As governor, would you support the creation of campaign finance limits in Oregon? If no, please explain why not. If yes, please can us specifics on what limits you would endorse.

Yes! I agree with the recently killed-off campaign finance reform bill that limited political contributions to $2,000 per entity.

Do you believe Joe Biden won the 2020 presidential election?


Would you support creation of a sales tax in Oregon?


Do you support the use of tolls to help pay for infrastructure constructions in the Portland region, including a replacement for the Interstate 5 bridge?


If the U.S. Supreme Court overturns Roe v. Wade, would you as governor push for new abortion restrictions in Oregon? If yes, please specify what type of restriction you would propose.

No. Any restrictions must come from the voters.

How would you describe the relationship between rural and urban Oregon today?

Dysfunctional. What we are seeing is the lack of balanced leadership in Oregon. The needs of our rural areas are drastically different from the needs in our urban areas. Our leaders have forgotten that and they have ignored rural areas for the last 36 years. We need to bring people together, to LISTEN, and then find common ground. That’s true leadership.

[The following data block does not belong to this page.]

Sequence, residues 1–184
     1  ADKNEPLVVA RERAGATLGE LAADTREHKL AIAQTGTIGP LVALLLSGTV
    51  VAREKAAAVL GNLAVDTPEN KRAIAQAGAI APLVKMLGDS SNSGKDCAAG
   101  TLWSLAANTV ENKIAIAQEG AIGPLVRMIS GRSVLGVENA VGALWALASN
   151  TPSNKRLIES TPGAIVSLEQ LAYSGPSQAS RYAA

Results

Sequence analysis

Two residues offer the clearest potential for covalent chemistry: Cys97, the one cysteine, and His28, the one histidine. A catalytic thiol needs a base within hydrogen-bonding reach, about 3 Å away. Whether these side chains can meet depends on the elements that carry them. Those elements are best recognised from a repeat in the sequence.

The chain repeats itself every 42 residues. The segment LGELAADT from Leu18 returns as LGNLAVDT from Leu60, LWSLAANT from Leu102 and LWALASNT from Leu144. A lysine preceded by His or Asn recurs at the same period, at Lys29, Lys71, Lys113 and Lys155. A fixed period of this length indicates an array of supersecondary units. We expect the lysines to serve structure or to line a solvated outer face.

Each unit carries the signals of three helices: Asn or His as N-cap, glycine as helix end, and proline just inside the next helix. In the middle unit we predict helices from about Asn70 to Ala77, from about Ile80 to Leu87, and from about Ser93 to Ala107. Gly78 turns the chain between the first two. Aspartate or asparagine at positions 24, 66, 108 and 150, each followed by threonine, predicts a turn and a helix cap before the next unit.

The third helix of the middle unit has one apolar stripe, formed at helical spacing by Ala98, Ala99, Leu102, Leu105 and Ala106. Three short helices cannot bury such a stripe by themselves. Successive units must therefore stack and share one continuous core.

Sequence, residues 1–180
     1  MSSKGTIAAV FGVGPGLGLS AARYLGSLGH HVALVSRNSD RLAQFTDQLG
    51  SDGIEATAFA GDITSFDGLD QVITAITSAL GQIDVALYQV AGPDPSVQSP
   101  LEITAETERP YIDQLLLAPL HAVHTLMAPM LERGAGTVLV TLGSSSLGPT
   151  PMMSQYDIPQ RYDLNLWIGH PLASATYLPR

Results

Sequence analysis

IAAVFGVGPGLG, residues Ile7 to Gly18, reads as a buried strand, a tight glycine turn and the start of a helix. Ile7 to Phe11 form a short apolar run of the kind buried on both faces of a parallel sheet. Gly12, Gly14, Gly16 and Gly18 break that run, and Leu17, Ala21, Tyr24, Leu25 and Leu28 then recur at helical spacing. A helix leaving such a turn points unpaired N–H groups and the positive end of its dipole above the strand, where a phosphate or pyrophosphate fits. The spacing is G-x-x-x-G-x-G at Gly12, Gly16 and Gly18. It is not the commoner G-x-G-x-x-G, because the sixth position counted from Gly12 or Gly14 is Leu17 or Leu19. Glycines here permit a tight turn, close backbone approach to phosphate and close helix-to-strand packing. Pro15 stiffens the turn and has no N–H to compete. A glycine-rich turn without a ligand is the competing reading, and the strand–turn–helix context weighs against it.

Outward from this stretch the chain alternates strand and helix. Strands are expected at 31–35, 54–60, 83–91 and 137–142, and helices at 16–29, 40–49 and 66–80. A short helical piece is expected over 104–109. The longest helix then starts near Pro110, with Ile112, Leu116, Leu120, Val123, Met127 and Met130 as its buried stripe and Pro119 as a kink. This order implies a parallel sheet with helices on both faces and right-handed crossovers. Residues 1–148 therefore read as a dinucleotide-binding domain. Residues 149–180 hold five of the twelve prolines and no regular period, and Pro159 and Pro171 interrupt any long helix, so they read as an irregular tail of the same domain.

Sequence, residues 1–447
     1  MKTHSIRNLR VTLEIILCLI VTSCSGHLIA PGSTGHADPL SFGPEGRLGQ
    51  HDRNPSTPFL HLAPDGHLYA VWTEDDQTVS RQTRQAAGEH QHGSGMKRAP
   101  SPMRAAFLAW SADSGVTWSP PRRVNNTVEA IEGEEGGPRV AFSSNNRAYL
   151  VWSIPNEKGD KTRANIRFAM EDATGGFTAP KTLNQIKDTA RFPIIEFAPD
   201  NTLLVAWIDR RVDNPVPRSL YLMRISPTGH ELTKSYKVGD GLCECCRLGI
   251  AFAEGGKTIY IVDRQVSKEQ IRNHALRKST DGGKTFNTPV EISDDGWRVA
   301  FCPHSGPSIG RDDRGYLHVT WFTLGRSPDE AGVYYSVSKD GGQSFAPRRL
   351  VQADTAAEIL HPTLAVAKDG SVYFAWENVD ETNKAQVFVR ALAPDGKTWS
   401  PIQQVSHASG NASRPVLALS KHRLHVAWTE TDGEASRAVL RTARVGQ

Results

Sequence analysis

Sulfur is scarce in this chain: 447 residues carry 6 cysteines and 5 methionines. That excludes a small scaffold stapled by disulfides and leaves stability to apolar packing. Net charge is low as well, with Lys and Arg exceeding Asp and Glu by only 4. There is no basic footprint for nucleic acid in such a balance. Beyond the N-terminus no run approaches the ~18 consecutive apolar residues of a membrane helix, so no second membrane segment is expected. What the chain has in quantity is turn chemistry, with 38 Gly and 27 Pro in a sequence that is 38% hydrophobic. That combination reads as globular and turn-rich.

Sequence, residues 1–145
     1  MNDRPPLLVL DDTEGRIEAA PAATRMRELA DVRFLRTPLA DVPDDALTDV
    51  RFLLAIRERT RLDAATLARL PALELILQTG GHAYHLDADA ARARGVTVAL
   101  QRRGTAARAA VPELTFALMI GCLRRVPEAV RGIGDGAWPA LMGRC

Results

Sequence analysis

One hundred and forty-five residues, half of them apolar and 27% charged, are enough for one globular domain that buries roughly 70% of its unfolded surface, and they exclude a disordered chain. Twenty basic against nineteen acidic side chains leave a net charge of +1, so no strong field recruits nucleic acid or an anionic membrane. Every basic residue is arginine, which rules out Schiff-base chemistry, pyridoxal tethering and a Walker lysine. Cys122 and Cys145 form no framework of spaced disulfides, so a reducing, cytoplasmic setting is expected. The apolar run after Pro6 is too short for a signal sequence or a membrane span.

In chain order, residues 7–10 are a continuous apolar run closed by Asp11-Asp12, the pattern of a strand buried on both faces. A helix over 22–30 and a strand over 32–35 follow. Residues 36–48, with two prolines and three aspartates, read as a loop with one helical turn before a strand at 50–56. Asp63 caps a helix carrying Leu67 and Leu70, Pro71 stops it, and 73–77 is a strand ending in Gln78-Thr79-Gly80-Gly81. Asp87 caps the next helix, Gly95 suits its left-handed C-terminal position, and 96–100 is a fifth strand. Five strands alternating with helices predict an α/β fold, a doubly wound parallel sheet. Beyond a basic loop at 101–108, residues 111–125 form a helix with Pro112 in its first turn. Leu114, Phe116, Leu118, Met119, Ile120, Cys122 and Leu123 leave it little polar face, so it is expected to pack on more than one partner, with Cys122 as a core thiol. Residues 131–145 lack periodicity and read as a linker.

What’s one thing you would do as governor to bring rural and urban Oregon together?

One of the first things I would do would be to establish a satellite office in eastern Oregon. I would visit every county in the state multiple times per year.

What’s the best thing Kate Brown has done as Oregon governor?

Be the most hated governor in the country.

What’s the worst thing Kate Brown has done as Oregon governor?

Led Oregon school rankings 48/50 in the country. Increased the pandemic by not increasing hospital capacity. Killed every industry that had to shut down during COVID.

Name another Oregon leader, either current or in the past, whose approach to public policy you admire and why.

Vic Atiyeh. He did what was right for Oregon, not what was best for any one party.